HC Deb 14 December 1995 vol 268 cc1092-3
10. Mr. Pawsey

To ask the Minister of Agriculture, Fisheries and Food what assessment he has made of the relative efficiency of agriculture in the United Kingdom and in other major EU countries. [4137]

Mr. Douglas Hogg

I believe that United Kingdom farmers can compete effectively with their counterparts in other major countries of the European Union.

Mr. Pawsey

I am grateful to my right hon. and learned Friend for confirming the efficiency of the British farming industry. However, does he agree that the nonsense of the CAP distorts the free market, and that its cost—the billions that it costs British taxpayers—enables less efficient foreign industries to compete unfairly with the United Kingdom industry?

Mr. Hogg

There are indeed serious defects in the CAP, to some of which my hon. Friend has drawn attention. We have been forward in pressing the case for far-reaching reform of the CAP, and Commissioner Fischler has now produced a paper accepting that the status quo is not sustainable. I welcome that fact, and we shall push for substantial reform.

Mr. Campbell-Savours

While we are talking about the efficiency of milk producers, if the Minister of State can really buy four pints of milk for 26p, will the right hon. and learned Gentleman advise his colleague to resign his seat and go into the milk business, to buy a milk tanker, take it round to his local supermarket and fill it up with milk in the half-gallon bottles that it sells, and then sell that milk to a farmer, so that the farmer can sell it on to a milk processor? If he did that, he would make a 100 per cent. profit.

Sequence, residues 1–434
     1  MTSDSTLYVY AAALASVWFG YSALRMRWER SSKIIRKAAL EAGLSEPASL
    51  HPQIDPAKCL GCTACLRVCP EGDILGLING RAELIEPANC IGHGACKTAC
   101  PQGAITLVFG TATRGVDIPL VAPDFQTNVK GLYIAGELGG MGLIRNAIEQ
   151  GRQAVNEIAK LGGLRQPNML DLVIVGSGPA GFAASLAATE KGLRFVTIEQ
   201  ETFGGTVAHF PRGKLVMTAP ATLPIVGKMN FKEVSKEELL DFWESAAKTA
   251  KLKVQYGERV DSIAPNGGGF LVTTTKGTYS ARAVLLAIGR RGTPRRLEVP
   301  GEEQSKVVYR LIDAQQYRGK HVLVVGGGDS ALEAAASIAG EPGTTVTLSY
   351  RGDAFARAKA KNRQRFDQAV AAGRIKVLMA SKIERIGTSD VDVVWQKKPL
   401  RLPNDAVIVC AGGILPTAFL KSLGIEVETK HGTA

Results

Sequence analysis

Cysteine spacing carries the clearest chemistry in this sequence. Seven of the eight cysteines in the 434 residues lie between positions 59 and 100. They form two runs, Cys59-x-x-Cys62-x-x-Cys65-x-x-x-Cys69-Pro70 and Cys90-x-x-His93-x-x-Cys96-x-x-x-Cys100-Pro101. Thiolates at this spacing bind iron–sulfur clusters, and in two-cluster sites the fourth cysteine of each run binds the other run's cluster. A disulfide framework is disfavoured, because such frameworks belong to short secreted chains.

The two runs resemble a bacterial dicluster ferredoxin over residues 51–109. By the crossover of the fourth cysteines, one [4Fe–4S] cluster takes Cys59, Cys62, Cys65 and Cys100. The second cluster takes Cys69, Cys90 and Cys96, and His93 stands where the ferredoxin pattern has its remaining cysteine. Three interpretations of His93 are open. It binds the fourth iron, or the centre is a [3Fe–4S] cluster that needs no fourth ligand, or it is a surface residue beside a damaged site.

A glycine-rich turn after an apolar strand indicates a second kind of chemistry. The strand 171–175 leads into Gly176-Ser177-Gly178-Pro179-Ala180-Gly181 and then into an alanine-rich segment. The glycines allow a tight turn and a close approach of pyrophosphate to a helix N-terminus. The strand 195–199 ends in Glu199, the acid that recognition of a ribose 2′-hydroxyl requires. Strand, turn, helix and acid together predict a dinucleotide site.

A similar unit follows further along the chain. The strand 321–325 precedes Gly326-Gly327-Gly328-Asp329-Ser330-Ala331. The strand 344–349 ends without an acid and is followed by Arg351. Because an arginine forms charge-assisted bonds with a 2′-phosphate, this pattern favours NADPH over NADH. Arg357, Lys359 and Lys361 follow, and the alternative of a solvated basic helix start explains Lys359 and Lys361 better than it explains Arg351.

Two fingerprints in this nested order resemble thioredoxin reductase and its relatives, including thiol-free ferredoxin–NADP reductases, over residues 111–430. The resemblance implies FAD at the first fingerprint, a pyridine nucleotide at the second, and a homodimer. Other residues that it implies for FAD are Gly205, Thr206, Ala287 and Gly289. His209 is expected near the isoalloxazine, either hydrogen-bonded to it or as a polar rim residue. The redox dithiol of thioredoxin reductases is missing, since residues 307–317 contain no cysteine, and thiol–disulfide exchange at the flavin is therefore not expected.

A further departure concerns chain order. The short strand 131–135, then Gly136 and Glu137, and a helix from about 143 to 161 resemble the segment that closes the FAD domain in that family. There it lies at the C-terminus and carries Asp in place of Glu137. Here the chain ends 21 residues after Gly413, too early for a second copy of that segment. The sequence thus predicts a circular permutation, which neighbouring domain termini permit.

Mr. Hogg

It is quite plain that the hon. Gentleman was not listening to my hon. Friend the Minister of State. I should add that my hon. Friend has many talents, and I am sure that he would make a splendid milkman.

Mr. Dykes

May I urge my right hon. and learned Friend to visit the three very efficient farms in Harrow, East? It is always an interesting phenomenon to visit urban farms. Will he confirm that one of the ways of enhancing the efficiency of Britain's farms would be to adopt the single currency, bearing it in mind that the National Farmers Union now endorses such a policy?

Mr. Hogg

My hon. Friend has represented many interests in his time in the House of Commons, but I did not know that he was such a prominent spokesman for the agricultural community. I am delighted to hear that there are three farmers in Harrow, East. That community will be the easiest to meet in its totality.

Mr. Simpson

I am glad that the Minister is keen to recognise the efficiency of our agriculture industry. Will he explain why this country currently has a trade deficit of £6 billion in food and drink, 63 per cent. of which is with countries that have no climatic advantage over the United Kingdom? Will he explain the compelling logic and virtue of agriculture policies that have seen imports from the EC increase by 20 per cent. since 1980 and exports decrease by 3 per cent.? If we have an efficient agriculture industry, what is the point of a policy that discourages Britain's ability to provide its own food?

Mr. Hogg

There are two points to be made. First, the hon. Gentleman is enunciating a policy of fortress Britain, which—whatever else may be true about it—is incompatible with the policy of Opposition Front Benchers. Secondly, on a point of specific detail, if he contrasts food exports last September—the latest available figures—with the previous year, he will see that our exports have gone up by 10 per cent., whereas imports have gone up by 4 per cent. In other words, exports are doing rather well at the moment.

Forward to